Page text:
Canvas Studio Art
We have thoughtfully cultivated an environment for all ages that promotes observation, reflection, and practice. Our studio is a bright open space that is safe, engaging, and all things creative! Each class is infused with age appropriate lessons that explore art history, color theory, and the elements of art and principles of design.
Students at any age can expect unique opportunities to explore and gain deeper understanding of new media and processes while also expressing their own artistic voice.
Our classes are led by our knowledgeable and caring instructors whom embrace Canvas’ principles while bringing their own creative practice to our classes. Together, we strive to provide our communities’ children with a creative + welcoming place, where students are uninhibited to explore their creativity.
What we do
Our Creative Approach
Our class structure and curriculum was designed by professional artists and art educators to advance practical and conceptual methods for artists at any age. All of our teachers share Canvas’ mission to promote creative freedom, focus on visual language, and a life long love of artistic expression.
We aim to spark our students’ thoughts, interests and perception in a way that inspires and encourages each child to express their ideas visually, while offering individualized guidance during the creative process.
Regardless of your age or skill level, students come to Canvas for the warm + creative environment and the desire to explore their personal artistic direction.
Why the arts are important in your child’s growth
“Ever notice how kids often have more fun playing with an empty box than with what was inside of it? That’s their imagination at work, and as parents, we should not underestimate how vital it is to nurture this creative spirit.”
Developmental Benefits of Art
Motor Skills: Many of the motions involved in making art, such as holding a paintbrush or scribbling with a crayon, are essential to the growth of fine motor skills in young children. Many preschool programs emphasize the use of scissors because it develops the dexterity children will need for writing.
Language Development: For very young children, making art—or just talking about it—provides opportunities to learn words for colors, shapes and actions. Students can use descriptive words to discuss their own creations or to talk about what feelings are elicited when they see different styles of artwork.
Decision Making: According to a report by Americans for the Arts, art education strengthens problem-solving and critical-thinking skills. The experience of making decisions and choices in the course of creating art carries over into other parts of life. “If they are exploring and thinking and experimenting and trying new ideas, then creativity has a chance to blossom,” says MaryAnn Kohl, an arts educator and author of numerous books about children’s art education.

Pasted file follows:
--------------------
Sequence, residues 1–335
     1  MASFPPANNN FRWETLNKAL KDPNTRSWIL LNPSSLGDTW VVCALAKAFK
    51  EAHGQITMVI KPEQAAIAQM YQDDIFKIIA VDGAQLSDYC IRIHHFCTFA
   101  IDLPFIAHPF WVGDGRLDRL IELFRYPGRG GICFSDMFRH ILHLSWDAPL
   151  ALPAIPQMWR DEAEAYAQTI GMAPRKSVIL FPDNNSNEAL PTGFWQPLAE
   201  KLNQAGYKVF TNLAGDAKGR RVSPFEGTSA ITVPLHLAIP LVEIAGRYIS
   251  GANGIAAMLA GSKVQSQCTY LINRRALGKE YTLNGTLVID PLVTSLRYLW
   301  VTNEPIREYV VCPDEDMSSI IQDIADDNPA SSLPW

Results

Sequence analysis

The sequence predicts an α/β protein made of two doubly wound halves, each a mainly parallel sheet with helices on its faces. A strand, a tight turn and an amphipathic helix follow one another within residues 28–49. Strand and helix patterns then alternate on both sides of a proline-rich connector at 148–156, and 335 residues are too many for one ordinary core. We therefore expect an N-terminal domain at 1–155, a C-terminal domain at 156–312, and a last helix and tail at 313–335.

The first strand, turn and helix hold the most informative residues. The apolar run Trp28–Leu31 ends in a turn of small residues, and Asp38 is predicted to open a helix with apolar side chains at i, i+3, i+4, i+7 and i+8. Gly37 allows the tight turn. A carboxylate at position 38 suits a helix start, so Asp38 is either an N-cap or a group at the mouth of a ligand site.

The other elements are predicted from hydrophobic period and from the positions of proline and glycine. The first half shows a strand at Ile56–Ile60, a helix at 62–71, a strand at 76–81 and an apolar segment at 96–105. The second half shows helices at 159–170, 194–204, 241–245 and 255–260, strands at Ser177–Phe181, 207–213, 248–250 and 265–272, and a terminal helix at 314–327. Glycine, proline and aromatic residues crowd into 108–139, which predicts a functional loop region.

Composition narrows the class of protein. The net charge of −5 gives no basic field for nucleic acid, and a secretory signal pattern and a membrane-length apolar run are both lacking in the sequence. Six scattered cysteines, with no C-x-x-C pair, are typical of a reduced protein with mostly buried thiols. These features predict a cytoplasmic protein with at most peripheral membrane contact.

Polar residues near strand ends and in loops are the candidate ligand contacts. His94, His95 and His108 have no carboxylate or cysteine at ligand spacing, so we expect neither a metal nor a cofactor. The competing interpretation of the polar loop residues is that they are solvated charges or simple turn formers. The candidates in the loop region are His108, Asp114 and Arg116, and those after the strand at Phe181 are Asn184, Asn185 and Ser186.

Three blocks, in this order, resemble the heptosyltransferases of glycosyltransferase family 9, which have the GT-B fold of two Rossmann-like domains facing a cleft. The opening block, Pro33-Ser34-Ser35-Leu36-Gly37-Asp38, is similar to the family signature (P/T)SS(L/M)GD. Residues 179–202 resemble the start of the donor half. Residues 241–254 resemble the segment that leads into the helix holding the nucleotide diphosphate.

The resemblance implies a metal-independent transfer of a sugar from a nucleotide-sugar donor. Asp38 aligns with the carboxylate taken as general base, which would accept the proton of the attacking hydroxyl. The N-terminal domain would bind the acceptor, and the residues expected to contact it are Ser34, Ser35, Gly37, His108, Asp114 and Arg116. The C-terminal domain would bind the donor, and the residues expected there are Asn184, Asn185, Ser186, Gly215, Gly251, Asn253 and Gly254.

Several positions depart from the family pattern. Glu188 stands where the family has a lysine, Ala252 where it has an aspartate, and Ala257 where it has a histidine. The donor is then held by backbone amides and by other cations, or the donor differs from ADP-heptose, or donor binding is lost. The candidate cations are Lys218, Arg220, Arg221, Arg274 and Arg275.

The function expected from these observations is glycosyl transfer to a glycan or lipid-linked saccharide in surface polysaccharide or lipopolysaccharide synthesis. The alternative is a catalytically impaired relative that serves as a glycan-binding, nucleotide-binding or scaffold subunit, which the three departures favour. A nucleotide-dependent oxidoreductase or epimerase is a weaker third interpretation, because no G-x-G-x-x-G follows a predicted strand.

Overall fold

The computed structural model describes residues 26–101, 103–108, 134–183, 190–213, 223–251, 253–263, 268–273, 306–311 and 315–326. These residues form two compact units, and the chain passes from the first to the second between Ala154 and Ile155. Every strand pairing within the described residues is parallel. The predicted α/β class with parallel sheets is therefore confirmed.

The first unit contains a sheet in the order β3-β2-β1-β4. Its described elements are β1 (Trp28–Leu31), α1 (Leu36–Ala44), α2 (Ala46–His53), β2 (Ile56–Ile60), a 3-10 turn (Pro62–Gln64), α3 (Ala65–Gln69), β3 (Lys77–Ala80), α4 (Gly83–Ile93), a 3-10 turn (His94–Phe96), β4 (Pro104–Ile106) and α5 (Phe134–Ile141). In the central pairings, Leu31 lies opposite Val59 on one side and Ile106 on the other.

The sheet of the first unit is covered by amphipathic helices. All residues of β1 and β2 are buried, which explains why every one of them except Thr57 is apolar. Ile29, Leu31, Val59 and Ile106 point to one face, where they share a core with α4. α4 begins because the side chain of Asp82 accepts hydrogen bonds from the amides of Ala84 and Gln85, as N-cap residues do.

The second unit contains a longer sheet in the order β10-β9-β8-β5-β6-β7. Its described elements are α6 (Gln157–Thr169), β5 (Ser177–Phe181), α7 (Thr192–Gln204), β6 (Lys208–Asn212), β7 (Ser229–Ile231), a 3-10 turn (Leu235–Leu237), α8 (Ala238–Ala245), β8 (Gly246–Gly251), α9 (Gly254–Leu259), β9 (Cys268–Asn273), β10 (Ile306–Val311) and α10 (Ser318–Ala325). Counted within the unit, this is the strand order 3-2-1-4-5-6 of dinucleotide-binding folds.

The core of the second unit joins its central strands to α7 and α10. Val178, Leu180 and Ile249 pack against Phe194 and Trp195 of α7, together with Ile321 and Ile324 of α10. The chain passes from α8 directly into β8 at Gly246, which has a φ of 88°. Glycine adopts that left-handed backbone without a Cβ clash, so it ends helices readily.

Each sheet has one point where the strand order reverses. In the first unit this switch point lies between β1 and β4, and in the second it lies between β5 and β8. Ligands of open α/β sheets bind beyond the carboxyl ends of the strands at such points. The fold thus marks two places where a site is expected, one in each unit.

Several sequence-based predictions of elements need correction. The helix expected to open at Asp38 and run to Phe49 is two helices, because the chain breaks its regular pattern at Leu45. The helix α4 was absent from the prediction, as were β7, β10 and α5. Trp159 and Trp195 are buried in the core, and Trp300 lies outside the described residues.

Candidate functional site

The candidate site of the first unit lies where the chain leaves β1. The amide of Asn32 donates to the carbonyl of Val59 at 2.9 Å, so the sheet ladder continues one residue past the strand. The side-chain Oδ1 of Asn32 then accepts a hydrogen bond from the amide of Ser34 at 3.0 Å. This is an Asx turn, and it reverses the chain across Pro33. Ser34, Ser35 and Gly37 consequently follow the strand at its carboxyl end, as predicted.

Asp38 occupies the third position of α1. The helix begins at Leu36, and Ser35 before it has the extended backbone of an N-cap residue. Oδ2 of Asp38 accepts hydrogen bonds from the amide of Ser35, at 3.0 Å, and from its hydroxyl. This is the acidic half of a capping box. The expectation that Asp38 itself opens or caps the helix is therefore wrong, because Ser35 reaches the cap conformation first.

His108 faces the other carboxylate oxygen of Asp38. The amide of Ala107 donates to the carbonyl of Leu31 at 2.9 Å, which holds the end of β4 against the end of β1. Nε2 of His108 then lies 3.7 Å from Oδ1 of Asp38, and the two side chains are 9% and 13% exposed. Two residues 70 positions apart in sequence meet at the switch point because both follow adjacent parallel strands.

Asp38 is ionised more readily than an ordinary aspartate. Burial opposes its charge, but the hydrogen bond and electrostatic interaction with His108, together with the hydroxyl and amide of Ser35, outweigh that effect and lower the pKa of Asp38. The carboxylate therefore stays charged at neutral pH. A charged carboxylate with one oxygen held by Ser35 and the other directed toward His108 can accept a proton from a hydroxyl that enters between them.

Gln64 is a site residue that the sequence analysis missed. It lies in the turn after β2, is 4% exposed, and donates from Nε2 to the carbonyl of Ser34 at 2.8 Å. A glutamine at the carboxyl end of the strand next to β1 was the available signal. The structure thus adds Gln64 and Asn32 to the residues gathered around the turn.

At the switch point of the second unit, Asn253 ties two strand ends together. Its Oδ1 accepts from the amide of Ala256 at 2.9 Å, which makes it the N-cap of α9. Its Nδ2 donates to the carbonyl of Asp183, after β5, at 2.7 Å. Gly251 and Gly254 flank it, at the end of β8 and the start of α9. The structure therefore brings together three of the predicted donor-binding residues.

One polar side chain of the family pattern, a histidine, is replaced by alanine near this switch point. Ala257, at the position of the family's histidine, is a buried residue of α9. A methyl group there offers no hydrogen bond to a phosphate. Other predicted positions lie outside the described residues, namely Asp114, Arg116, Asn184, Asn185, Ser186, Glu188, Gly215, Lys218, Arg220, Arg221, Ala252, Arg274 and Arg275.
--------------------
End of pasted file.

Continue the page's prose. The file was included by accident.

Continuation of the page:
Visual Learning: Drawing, sculpting with clay and threading beads on a string all develop visual-spatial skills, which are more important than ever. Even toddlers know how to operate a smart phone or tablet, which means that even before they can read, kids are taking in visual information. This information consists of cues that we get from pictures or three-dimensional objects from digital media, books and television.
Art education teaches students how to interpret, criticize, and use visual information, and how to make choices based on it.”
Inventiveness: When kids are encouraged to express themselves and take risks in creating art, they develop a sense of innovation that will be important in their adult lives. “The kind of people society needs to make it move forward are thinking, inventive people who seek new ways and improvements, not people who can only follow directions,” says Kohl. “Art is a way to encourage the process and the experience of thinking and making things better!”
Cultural Awareness: As we live in an increasingly diverse society, the images of different groups in the media may also present mixed messages. Teaching children to recognize the choices an artist or designer makes in portraying a subject helps kids understand the concept that what they see may be someone’s interpretation of reality.
Improved Academic Performance: Studies show that there is a correlation between art and other achievement. A report by Americans for the Arts states that young people who participate regularly in the arts (three hours a day on three days each week through one full year) are four times more likely to be recognized for academic achievement, to participate in a math and science fair or to win an award for writing an essay or poem than children who do not participate.
Source: The Importance of Art in Child Development, PBS.org